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Establishing Paternity

Every child deserves to have a father, and when you establish paternity you give rights to the father, mother, and child in the family. Some of the benefits of establishing paternity include gaining information regarding medical history, knowing the identity of the child’s father, establishing inheritance rights, possible health or life insurance, and child support. Paternity also allows both parents the legal right to get a child support order, get an order for visitation or custody, and have a right to make legal decisions about the child.

How to Establish Paternity

Under Florida law, determining whether or not the child has a legal father is an easy test. If the child is born to parents that were married at the time of birth, the child has a legal father. If the child’s mother is not married at the time of the child’s birth, then legal paternity must be established.

Florida law establishes five ways to create legal paternity. These methods include the following:

Marriage: The parents are married when the child is born. The husband is the considered the legal father and nothing else needs to be done to establish paternity. This applies even if the mother does not put her husband’s name on the birth certificate.

Acknowledgement of paternity: The unmarried couple can sign an acknowledgement of paternity form at the hospital when the child is born or later. The easiest method is to sign a Paternity Acknowledgement form at the hospital, and the man becomes the legal father as soon as it is signed. If the parents wait until later, the father can sign an Acknowledgement of Paternity form that you can get from a local Florida Health Department.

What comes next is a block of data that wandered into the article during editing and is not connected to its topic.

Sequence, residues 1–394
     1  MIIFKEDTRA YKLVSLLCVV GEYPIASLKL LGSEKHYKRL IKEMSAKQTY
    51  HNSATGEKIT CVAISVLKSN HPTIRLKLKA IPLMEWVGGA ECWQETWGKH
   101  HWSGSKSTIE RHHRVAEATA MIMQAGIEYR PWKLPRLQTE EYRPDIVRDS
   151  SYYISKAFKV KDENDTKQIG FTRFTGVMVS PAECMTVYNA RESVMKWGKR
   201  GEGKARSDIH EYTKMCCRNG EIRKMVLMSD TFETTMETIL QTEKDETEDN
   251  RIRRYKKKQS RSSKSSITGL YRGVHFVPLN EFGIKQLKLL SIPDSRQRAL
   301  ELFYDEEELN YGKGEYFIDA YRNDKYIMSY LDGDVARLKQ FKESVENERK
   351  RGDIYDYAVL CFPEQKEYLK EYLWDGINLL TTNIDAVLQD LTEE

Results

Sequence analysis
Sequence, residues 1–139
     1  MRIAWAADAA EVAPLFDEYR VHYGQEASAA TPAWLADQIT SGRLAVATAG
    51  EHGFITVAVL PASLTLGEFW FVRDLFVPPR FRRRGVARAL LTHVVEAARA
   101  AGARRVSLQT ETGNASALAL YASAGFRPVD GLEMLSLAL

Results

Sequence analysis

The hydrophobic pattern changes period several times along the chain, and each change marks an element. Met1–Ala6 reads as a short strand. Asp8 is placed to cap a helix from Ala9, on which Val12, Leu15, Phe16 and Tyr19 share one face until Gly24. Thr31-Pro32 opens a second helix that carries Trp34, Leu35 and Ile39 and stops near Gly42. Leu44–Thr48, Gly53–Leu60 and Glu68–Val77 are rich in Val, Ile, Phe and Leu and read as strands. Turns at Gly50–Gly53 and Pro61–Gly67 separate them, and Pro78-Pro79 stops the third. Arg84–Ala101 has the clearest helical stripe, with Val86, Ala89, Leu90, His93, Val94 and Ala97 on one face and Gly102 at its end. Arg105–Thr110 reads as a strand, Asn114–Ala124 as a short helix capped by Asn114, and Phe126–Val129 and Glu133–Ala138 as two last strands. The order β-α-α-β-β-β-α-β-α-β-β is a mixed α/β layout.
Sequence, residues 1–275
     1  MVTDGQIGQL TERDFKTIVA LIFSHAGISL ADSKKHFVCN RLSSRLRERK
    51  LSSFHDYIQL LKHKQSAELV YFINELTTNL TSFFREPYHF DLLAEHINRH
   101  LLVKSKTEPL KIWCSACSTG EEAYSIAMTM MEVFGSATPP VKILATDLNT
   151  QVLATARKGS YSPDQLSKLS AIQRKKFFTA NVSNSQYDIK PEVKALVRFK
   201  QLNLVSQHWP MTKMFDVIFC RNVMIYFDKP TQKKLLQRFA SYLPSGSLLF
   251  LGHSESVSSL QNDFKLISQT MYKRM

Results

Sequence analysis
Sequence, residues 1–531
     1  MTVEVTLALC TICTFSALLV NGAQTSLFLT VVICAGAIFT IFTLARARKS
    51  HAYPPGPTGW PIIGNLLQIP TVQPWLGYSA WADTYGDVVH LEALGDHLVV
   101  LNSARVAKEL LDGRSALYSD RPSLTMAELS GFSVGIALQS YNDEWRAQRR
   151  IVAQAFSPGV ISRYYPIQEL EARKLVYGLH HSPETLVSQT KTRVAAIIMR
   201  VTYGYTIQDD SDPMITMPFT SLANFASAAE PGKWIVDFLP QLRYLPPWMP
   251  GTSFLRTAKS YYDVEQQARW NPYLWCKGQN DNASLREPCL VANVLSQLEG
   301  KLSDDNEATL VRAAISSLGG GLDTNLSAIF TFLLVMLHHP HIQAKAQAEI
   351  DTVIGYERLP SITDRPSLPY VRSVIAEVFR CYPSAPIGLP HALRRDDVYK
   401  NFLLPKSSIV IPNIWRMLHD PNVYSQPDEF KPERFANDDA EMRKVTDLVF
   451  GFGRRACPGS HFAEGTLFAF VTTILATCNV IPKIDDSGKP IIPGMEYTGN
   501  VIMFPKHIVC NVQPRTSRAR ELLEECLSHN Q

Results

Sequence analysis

Administrative order based on genetic testing: Paternity can be ordered by the court if it is established by genetic testing. The mother, child, and man believed to be the father must all take a genetic test. If the test proves that the man is the biological father an Administrative Order of Paternity is issued. Many people prefer this method of paternity because:

·         There is no need to go to court;

·         There is no cost for the test;

·         The order is based purely on the genetic test results;

·         The administrative order has the same effect as a court order;

·         Genetic testing is easy and very reliable; and

·         Child support can be established quickly afterwards.

Court order: A judge can establish paternity through a court order based on the evidence presented in court. If paternity is established in this manner, both parents must show up to court, the court can order a genetic test, one or both parties may have to pay court courts and testing fees, and, if the father does not show up for court, the judge can make him the legal father by default.

Legitimization: If the parents of a child who were unmarried at the time of the birth later get married, the child’s birth certificate can be updated through the Florida Office of Vital Statistics. The parents must submit a certified copy of the marriage certificate, a completed Acknowledgement of Paternity form, and a completed Affirmation of Common Child(ren) Born in Florida form.

Call a Florida Family Law Attorney Today

If you wish to establish paternity of a child or have any other questions regarding family law issues in or around the Orlando area, let the experienced office of Steve W. Marsee, P.A. help. Call or contact the office today for a free and confidential consultation of your case.

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